- Vikings bar Adrian Peterson from team activities
- Mr. Green Car: A car from your printer
- Candle Crest owners to open their first store and manufacturing operation in Rockford
- Rockford hosts America’s largest World War II-era re-enactment Sept. 20-21
- DuPont ordered to pay $1.85M for killing trees
- Guest Column: Former alderman: Rail station should be on Cedar Street
- A visit to The Wall That Heals
- The Odds Man: ‘D’ is key in Week 3
- Craft Beer Scene Around Rockford: Capital Brewery’s Oktoberfest a delicious, malty lager
- Week 3 NFL picks: Wins for Bears and Packers, losses for Lions and Vikings
Guest Column: New and seasonal dealers give Alpine Flea Market fresh look
By Tye Hartall
The Alpine Flea Market in Rockford has come alive this winter with the influx of new and seasonal dealers that have added a cultural flair, as well as an international mix.
Always the haunt of collectors, as well as those in search of bargains, The Alpine Flea Market offers a wide variety of goods found nowhere else in Rockford or the surrounding area. There are more than 140 booths, manned by a host of charismatic dealers that offer unusual, one-of-a-kind items.
During the summer, many of these entrepreneurs prefer to set up outside. Prices for an outdoor space are $10/day or $15/weekend. But when the weather turns cold, in late October or early November, many dealers choose to move indoors for winter’s duration. Indoor spaces are $20/day or $35/weekend.
Every weekend, a large selection of antiques and collectibles, books, computers, furniture, jewelry, tools, audio and video equipment, vintage records, coins, clothing, bric-a-brac, and even international fresh produce is available. One can… get a sign made… get a haircut… try Mexican candies… have your picture taken.
Inventory changes weekly as existing dealers bring in new goods, and new dealers are added regularly. Prices, although already quite reasonable, are not always firm, and it’s fun to bargain with the dealers. In fact, most expect it.
English is still the lingua franca, but Spanish runs a close second. Snippets of Hindi, Arabic, Russian and Chinese can also be heard. It is, indeed, a very cosmopolitan market and a true cross-section of Rockford’s population.
The “cornerstone” vendors that have been there for years are certainly the ones to take credit for the weekly large draw of customers, as well as for the overall success of the flea market. They resupply their booths regularly and keep customers coming back for more, week after week.
But it’s the vibrancy of the new and seasonal dealers, added to these veteran cornerstone vendors, that really make the Alpine Flea Market hum during these cold winter months.
Take Dave Christopher, for example. He sets up outdoors at both Alpine, as well as various stateline flea markets during the summer, but has returned inside to the AFM every winter since its inception 12 years ago.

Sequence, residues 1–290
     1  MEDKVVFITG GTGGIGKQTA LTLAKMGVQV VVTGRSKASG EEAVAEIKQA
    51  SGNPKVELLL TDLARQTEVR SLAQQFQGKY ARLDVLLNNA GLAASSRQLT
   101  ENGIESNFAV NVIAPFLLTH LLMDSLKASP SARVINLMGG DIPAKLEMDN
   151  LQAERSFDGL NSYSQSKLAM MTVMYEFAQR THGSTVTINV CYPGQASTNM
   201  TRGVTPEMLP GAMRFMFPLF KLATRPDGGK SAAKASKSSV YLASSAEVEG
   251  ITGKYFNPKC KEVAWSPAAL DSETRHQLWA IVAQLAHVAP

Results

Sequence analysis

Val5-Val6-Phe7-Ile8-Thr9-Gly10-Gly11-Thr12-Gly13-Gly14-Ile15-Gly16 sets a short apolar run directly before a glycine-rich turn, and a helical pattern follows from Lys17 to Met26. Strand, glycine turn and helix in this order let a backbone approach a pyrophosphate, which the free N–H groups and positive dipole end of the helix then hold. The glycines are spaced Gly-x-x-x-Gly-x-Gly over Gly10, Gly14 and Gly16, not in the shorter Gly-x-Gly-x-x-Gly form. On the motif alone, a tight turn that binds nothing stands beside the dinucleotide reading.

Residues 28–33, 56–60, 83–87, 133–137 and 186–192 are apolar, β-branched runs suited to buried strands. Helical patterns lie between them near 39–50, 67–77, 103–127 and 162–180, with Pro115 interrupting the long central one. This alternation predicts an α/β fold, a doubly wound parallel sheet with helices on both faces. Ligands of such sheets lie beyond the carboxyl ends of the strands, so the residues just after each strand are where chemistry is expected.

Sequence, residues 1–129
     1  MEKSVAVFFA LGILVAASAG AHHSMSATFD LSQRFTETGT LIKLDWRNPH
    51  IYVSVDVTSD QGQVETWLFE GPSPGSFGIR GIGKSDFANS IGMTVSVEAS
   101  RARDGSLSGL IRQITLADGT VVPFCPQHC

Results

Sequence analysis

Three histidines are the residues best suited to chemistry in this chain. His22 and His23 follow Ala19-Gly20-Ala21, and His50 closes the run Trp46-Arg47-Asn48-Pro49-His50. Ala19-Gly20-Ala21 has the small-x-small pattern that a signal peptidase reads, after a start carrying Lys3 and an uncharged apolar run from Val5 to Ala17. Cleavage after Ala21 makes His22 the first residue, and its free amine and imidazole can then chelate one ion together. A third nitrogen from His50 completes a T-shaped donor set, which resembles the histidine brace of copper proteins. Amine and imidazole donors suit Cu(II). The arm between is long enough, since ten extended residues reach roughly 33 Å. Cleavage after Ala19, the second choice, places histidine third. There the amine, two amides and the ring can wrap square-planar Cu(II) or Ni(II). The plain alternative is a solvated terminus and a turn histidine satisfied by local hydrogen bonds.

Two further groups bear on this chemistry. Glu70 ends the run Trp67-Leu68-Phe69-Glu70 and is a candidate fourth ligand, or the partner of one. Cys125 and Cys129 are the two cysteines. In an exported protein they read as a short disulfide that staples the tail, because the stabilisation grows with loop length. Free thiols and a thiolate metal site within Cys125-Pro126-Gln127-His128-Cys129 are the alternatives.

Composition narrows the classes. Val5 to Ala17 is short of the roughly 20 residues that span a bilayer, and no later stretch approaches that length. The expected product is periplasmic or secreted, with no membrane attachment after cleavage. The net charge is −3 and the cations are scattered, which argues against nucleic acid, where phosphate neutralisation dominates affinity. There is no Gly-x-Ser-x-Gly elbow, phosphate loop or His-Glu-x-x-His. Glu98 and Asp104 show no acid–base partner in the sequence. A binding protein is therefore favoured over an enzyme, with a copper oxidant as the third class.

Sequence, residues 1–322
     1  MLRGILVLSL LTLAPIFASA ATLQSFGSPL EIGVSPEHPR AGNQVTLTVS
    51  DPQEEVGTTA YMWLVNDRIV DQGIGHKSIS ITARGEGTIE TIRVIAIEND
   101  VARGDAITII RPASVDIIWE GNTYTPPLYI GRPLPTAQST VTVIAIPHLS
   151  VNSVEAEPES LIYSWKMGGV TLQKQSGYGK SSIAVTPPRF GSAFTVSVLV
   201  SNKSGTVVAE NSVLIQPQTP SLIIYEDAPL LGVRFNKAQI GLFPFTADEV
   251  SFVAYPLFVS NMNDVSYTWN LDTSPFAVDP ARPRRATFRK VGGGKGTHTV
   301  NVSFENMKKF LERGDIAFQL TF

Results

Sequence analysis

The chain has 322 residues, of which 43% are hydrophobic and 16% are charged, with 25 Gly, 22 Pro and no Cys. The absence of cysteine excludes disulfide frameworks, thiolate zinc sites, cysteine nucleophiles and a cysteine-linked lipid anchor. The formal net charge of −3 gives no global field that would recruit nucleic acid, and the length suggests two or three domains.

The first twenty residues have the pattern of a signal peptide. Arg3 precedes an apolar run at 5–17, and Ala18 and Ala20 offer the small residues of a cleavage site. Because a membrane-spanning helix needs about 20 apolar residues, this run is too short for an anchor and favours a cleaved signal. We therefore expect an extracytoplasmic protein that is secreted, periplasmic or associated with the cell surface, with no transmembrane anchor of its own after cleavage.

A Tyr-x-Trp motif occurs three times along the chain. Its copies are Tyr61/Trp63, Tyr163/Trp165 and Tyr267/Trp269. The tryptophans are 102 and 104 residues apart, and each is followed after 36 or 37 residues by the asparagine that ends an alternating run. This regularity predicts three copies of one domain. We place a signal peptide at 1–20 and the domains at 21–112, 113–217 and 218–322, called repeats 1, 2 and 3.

A resident of Woodstock, Dave commutes weekly to Rockford to display his jewelry and collectibles. He attributes his continued success to his repeat customers. (But really, it’s the quality of his merchandise.)
Nearby, another seasonal dealer, now in his fourth winter at AFM, Arvil Vaughn specializes in vintage military, arrowheads, knives and jewelry. Originally from Tennessee, Arvil’s variety of merchandise and low prices attribute to his seasonal success. Needless to say, his booth is always a popular stop for the collector as well as the curious.
Just down the way from Arvil is Eddie Sitte (who strongly resembles David Spade’s character in the movie Joe Dirt). He is yet another quintessential example of the charismatic Alpine Flea Market dealer.
Usually clad in a camouflage jacket, Eddie deals in a potpourri of items: from pre-owned tools and industrial items to new jeans. His inventory changes weekly, and eager buyers get there early Saturday morning to search through his weekly additions.
New arrivals, Juana Bosquez and her brother Rudy Hernandez, recently opened a booth, specializing in women’s clothing, which has become a very popular spot, indeed. Juana is also a world-class cook and has recently taken over the snack bar as well. Her Mexican cooking will certainly draw followers from far and wide.
Yet, the newest arrivals at the AFM are Dan and Rod Ramos. They’ve already tested the waters there during the summer and have just now opened a booth specializing in computer sales and service.
In conclusion: it’s a real treat—and most certainly an adventure—to visit the Alpine Flea Market on weekends and wander down the numerous aisles. With such a variety of dealers, offering a wide diversity of goods, there’s bound to be something of interest for everyone. It certainly is one of Rockford’s undiscovered treasures.
The Alpine Flea Market is open weekends 8 a.m.-5 p.m. and located at 3291 S. Alpine Road, near the intersection of Alpine and Sleepy Hollow roads. For more information, contact Frank Bridges or Tammy Bronson at (815) 874-4145.
Tye Hartall is a dealer at the Alpine Flea Market, now celebrating his seventh winter season there. He deals in Northwoods antiques and collectibles, Western and outdoor clothing, CDs and NFL team apparel.
From the May 26-June 1, 2010 issue